How to Create Your GDPR Budget

    Becoming General Data Protection Regulation (GDPR) compliant is not cheap (and the money factor could be a reason why so many organizations are dragging their feet toward the May 25, 2018 deadline). According to a PwC survey, of the organizations that have finished their GDPR preparations already, 88 percent said they spent more than $1 million to get ready, while 40 percent said it cost them more than $10 million.

    However, protecting data privacy and security involves significant costs, and according to Dark Reading, “nearly half of all companies surveyed say that their overall spending on managing privacy is significantly increasing, while the other half say their spending on privacy management is becoming slightly larger. That means that across the board, investments in privacy are going up.”

    So, you are going to have data privacy-related costs, with or without GDPR; however, as GDPR compliance is part of your security and privacy plan, you’ll need to think about extra funds.

    “GDPR will take considerable effort to implement over and above normal operations, as it is pervasive and covers almost all parts of a public-facing business,” said Gavin Robertson, CTO and SVP of WhamTech. That’s because you will need to include GDPR-specific technologies, tools, and even staff to your security protocols. For example, Robertson said, “Companies probably need to create an EVP or C-level position to ensure compliance along with additional associated staff positions. GDPR will add significantly to the cost of doing business.”

    What to Include in Your GDPR Budget

    Clearly, creating a budget for GDPR preparation and continued compliance is a must, and the budget should take into consideration the new products, and maybe even services, necessary to layer GDPR on top of, or modify, existing data sources and associated operations/processes.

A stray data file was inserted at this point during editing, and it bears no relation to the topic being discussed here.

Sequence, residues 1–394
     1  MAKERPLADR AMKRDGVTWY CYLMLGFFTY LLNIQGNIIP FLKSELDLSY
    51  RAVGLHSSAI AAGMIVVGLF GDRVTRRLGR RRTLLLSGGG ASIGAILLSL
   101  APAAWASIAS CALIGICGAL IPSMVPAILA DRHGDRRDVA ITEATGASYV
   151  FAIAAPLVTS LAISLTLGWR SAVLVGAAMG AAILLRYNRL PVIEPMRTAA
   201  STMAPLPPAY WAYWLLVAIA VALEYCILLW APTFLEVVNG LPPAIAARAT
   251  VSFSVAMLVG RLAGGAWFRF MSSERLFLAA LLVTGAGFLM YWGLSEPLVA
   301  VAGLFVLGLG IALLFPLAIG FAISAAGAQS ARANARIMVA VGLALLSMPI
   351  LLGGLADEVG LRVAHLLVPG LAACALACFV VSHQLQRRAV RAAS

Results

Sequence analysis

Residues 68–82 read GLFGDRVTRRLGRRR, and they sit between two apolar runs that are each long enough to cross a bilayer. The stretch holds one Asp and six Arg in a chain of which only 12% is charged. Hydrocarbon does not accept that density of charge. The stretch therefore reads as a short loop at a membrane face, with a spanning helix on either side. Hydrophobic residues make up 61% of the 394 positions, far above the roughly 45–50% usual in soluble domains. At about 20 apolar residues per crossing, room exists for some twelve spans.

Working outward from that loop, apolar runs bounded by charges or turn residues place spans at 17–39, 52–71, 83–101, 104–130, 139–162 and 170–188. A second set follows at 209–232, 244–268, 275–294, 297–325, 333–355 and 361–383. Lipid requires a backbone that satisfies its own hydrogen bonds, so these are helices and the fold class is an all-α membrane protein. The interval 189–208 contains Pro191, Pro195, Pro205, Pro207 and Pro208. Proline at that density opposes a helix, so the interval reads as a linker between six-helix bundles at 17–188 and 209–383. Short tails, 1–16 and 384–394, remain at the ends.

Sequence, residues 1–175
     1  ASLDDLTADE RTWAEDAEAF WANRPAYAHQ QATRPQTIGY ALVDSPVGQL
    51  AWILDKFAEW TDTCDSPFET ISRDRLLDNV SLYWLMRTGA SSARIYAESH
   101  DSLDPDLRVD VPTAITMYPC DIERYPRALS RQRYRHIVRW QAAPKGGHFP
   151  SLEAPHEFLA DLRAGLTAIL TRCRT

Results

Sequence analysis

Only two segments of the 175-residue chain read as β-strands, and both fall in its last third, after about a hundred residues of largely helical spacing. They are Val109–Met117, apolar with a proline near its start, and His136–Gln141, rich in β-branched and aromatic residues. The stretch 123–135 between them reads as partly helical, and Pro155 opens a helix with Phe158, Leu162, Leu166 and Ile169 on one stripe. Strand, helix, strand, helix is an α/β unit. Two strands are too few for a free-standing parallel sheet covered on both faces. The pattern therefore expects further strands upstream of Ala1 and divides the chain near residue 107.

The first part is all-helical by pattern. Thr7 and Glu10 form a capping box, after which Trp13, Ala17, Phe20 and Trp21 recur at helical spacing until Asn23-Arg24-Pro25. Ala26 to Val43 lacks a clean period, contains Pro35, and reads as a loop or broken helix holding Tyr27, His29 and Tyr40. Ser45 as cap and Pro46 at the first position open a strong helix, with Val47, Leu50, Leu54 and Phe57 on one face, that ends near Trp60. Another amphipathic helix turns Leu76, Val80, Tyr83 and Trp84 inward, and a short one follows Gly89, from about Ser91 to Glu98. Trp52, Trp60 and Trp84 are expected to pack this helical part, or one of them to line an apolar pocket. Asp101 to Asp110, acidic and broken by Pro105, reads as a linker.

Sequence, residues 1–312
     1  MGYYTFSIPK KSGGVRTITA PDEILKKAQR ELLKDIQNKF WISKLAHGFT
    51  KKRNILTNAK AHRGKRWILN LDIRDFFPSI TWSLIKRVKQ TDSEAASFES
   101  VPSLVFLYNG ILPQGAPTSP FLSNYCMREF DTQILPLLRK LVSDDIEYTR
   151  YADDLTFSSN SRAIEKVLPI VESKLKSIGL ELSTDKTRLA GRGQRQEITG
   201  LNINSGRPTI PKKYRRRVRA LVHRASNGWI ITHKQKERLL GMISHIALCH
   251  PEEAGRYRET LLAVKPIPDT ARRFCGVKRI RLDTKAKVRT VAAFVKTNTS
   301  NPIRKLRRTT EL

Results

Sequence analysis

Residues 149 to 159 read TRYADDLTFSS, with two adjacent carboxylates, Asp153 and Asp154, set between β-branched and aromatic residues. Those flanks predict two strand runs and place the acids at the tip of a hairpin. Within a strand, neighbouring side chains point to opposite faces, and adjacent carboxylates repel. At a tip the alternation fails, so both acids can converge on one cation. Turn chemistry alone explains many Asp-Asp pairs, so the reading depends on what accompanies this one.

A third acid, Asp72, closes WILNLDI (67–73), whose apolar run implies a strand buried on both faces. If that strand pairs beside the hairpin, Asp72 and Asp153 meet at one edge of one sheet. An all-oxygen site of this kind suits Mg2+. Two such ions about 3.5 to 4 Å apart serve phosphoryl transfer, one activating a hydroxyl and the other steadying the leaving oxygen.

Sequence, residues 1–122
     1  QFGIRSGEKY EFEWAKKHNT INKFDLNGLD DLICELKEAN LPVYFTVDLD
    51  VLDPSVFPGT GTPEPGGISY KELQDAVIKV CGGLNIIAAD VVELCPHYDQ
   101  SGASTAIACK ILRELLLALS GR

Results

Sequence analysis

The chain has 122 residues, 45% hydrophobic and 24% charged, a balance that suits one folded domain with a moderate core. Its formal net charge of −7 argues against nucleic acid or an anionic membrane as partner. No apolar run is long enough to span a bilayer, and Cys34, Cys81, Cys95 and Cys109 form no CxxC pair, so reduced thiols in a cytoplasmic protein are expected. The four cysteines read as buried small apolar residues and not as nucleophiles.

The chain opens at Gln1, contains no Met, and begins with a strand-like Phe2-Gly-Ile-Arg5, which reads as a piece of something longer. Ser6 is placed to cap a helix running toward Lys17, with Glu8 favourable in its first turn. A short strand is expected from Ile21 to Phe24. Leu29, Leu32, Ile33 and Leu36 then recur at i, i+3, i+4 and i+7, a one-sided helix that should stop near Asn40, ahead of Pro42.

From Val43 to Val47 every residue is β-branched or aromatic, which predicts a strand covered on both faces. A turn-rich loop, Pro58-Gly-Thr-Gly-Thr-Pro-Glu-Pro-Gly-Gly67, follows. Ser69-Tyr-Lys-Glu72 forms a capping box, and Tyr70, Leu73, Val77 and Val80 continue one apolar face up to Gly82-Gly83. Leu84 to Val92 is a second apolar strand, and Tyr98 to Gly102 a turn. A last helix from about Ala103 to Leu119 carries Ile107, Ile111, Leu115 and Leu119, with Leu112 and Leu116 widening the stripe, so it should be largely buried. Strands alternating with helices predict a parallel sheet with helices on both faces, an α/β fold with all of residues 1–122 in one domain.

Beyond that, according to J.R. Cunningham, VP of product management at security solutions integrator Optiv Security, GDPR budgeting generally falls into three distinct areas of the business that all need to be accounted for: legal, IT and cybersecurity.

    “Budgeting for the legal team would include such things as third-party agreement modification to account for transparency and consent components within the GDPR, corporate policies to align with the GDPR, and outside counsel retainers for breach response,” Cunningham explained.

    IT budgeting would require the largest “slice of the pie,” because it is necessary for most organizations that will be retooling applications to support “opt-in” consent. “For most organizations, this is the heavy lifting for GDPR compliance and is a fundamental paradigm shift away from the ‘opt-out’ culture that has existed to date,” Cunningham said.

    Cybersecurity budgeting needs to focus on data governance, data discovery, data protection and incident response. These critical elements of the information security program become even more important under the GDPR.